In 2004 — just about the zenith of the “greed is good” decades-long Wall Street feeding frenzy — Cambridge economist Noreen Hertz published The Debt Threat: How debt is destroying the developing world…and threatening us all. Here’s a great article about her experiences. Since the early 90s she’s been often ignored and sometimes attacked for her views that the markets were unsustainable, and that one of the major factors in unsustainability is inequality. Ignored, that is, until everything crashed last year.
Hertz saw the financial meltdown as not only a failure of the laissez-faire market, but also — and more important — a failure in thinking. “People either ignored the unknowable or purposely disregarded the facts,” she says. Banks were encouraged not to question models that were delivering otherworldly results, and economists were perpetuating myths — that housing prices would continue to rise, for example — based on patterns of the past. But, as Hertz is quick to point out, “things are going to happen that will have nothing to do with the past. We have to admit we cannot know everything. Otherwise you’re not dealing with the real world, which is messy and complicated.”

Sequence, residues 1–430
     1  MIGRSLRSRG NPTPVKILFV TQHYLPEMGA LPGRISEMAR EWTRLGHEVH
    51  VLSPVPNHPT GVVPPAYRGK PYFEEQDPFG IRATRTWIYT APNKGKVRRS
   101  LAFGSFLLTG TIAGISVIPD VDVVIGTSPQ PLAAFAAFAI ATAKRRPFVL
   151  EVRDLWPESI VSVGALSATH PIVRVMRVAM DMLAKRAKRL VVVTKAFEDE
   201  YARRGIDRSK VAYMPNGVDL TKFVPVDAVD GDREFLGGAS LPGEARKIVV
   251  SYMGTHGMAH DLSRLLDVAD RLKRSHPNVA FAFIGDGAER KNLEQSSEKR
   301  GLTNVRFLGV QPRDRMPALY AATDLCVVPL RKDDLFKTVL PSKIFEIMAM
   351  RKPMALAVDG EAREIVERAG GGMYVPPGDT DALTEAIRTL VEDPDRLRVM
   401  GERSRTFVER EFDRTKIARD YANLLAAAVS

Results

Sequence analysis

The article is long and weirdly sexist in spots, but recommended for the presentation of Hertz’s vision for the future and for its examples of success stories that might functions as models. We might also generalize her experiences to our own, especially as we confront local governments still fraught with the same kind of denial.
We read the world wrong and say that it deceives us. ~Rabindranath Tagore